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When the Beach Boys Were Seven
Thoughts on the 'Sail On, Sailor, 1972' box set
Welcome to a new edition of ‘Listening Sessions’!
This edition tackles a box set released late last year that collects the recordings the Beach Boys made in 1972. That year saw the group invite two young musicians, Blondie Chaplin and Ricky Fataar, to join the band. Carl Wilson had worked with them in 1970 when he produced an album by the Flame, their group at the time. The set offers some insights into the Beach Boys, including how they tried to remain musically relevant while resisting becoming strictly an oldies act. Ultimately, Sail on Sailor, 1972 commemorates a unique chapter in the group's history: little the Beach Boys made before or after 1972 sounded quite like the music they made during that year. I hope you enjoy the below essay and will share your thoughts about it by leaving a comment.
Yesterday (April 25) came news that Harry Belafonte, a giant of an artist and activist, had passed away. Few pursued a belief that a song could change the world as well or as passionately as Belafonte. While some may wish—and understandably so—to focus on his vital and invaluable work as a civil rights activist, I don’t think it’s a stretch to say that Belafonte’s work as a folk singer of supreme taste, pursuing the belief passed down by Paul Robeson that if you “get them to sing your song, … they will want to know you as a people,” was, in itself, a radical act of political and social activism.
In November of last year, I tried to put into words how Belafonte exemplified the power of song. I include a link to it below to pay humble tribute to Harry Belafonte.
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“I am That
Thou art That,
and All This is That.”
- from ‘All That is That,’ written by Al Jardine, Carl Wilson and Mike Love
On Easter Sunday this year, a two-hour tribute, under the imprimatur of the Grammy Awards, was broadcast. Beyond the performers and the stated purpose: honouring maybe the greatest of all American pop bands, the Beach Boys, the most notable thing about the program, taped at the Dolby Theater in Los Angeles, was that Brian Wilson, Mike Love, Al Jardine, Bruce Johnston and David Marks were all seated together in the same room. The last time that happened was in 2018. Prior to that, there was the glorious reunion in 2012, commemorating the group’s golden anniversary.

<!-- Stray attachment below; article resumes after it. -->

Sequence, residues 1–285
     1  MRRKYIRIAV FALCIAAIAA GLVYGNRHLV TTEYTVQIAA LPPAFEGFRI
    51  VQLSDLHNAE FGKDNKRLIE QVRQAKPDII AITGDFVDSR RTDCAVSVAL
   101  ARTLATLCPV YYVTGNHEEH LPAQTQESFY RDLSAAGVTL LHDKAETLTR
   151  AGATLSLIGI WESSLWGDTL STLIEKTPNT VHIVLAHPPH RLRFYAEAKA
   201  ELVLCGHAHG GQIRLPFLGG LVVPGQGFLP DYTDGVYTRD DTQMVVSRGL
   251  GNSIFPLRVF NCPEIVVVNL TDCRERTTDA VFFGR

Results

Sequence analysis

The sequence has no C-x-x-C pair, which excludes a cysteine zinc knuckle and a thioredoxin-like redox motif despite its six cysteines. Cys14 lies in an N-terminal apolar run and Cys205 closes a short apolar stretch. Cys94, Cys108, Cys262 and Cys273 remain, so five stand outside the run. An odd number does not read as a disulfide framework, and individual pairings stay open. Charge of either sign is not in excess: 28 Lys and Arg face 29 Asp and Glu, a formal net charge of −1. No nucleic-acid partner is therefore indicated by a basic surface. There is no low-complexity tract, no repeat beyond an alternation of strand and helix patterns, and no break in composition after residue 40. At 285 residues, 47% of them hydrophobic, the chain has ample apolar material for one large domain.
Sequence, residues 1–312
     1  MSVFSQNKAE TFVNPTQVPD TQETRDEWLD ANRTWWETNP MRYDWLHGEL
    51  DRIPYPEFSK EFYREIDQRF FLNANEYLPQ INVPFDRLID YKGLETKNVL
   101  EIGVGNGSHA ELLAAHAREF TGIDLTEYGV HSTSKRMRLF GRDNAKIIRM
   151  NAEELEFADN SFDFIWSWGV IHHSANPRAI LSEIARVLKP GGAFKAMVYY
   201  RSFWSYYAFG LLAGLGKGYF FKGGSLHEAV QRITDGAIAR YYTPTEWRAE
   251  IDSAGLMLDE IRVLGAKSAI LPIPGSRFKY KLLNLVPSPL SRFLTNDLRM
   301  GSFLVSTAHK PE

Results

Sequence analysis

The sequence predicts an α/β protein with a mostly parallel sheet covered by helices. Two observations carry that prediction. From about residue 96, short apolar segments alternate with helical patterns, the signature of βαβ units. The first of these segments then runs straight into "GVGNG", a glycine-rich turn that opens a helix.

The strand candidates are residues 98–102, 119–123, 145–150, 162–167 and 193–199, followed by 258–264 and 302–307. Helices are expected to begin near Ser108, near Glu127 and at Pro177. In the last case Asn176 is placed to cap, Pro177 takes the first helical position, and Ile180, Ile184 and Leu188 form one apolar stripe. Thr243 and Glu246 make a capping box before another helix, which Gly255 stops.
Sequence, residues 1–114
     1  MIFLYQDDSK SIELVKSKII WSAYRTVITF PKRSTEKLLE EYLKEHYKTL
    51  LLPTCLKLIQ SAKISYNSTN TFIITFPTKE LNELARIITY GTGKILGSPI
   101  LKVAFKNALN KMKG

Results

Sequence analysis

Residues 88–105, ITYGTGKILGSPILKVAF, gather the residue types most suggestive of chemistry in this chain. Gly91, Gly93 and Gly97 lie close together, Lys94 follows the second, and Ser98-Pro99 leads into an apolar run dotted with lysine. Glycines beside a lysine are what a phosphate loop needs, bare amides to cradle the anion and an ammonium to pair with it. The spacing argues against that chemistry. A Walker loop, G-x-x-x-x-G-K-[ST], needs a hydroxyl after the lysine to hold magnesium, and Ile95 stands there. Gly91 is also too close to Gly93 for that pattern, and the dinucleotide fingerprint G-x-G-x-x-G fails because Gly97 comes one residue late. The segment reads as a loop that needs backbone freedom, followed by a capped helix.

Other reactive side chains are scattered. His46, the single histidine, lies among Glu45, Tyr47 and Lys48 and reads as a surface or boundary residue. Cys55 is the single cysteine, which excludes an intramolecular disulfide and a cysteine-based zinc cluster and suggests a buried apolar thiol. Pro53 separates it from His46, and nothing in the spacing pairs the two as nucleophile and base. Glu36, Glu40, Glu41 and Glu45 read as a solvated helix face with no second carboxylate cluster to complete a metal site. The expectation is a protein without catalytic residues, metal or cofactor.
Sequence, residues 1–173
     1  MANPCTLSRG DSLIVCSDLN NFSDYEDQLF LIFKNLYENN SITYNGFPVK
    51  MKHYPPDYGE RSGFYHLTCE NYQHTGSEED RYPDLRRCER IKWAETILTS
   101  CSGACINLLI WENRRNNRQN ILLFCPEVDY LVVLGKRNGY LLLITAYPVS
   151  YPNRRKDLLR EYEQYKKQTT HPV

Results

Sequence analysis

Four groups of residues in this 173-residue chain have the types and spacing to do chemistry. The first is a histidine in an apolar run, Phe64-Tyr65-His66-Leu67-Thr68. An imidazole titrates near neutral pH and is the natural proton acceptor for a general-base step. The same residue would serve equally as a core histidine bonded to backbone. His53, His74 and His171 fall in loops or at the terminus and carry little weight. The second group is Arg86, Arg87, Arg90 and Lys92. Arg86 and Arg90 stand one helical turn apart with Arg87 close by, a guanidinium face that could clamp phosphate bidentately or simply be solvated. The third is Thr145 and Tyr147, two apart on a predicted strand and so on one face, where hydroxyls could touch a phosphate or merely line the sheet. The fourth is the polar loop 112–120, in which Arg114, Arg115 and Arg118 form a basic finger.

For five months that year, the Beach Boys’ universe was all under one very large umbrella. The members of the touring band were an amalgamation of bands fronted by Wilson, by Jardine and by Love and Johnston, who had longed toured under the Beach Boys name. A new album, That’s Why God Made the Radio, was released. The second single released from it, ‘Isn’t It Time,’ seemed to capture the good feelings all around: “Isn’t it time we danced the night away / how about doing it, just like yesterday / every time I think of you and / All of those good things we used to do.”
That’s what it felt like when I caught them in Toronto on June 19—a day shy of Wilson’s 70th birthday. As hot and humid as a summer day in Toronto can be, the Molson Ampitheatre (now the Budweiser Stage), situated along the shore of Lake Ontario, offered a respite as the Beach Boys played just shy of 50 songs. At the start, there were some in the crowd chatting away, a middle-aged man to my left was sitting, scowling. Two hours later when Jardine was singing ‘Help Me, Rhonda,’ the only sound in the crowd was everyone lustily singing along, the middle-aged man to my left was now up on his feet joining in, joy radiating from every bone of his body.
It was, in short, one of the most memorable nights of my life. It must have been even more so for those who attended one of the 50th-anniversary shows where California Saga, the name given to an assemblage of eight of the sons and daughters of the Beach Boys, joined their fathers—either in the flesh or in cases of Carl Wilson’s son, Justyn, and Dennis Wilson’s son, Carl B., in spirit—to sing ‘All This is That,’ a song written by Jardine, Carl Wilson and Love for the 1972 album, Carl and the Passions - “So Tough”.
A song partially inspired by the Maharishi Mahesh Yogi, under which both Jardine and Love studied and from whom the primary refrain “I am that / thou art that / and all this is that” comes, and Robert Frost and his poem The Road Less Taken, it is among the most powerful in articulating the transcendent feeling of listening to the Beach Boys. Whereas in Frost’s poem, the resolution of the choice faced when a path branches off into two directions was “I took the one less traveled by and that has made all the difference,” in ‘All This is That,’ “two ways and I both travel by, and that has made all the difference to me.”
That one can, perhaps, have one’s cake and eat it too brings up profound emotions when watching a clip of the song performed by the Beach Boys and California Saga at the Hollywood Bowl in June 2012. Everyone, across generations, across normally drawn battle lines, concurring that all is one. The songs of sun, surf and sand. The songs of interiority, questioning and pondering “wouldn’t it be nice.” Mike Love. Brian Wilson. ‘Surfin U.S.A.’ Pet Sounds. All the same. All one.
It is, in my opinion, the only worthy framework through which one can gain the fullest appreciation of why the Beach Boys matter and why they remain important.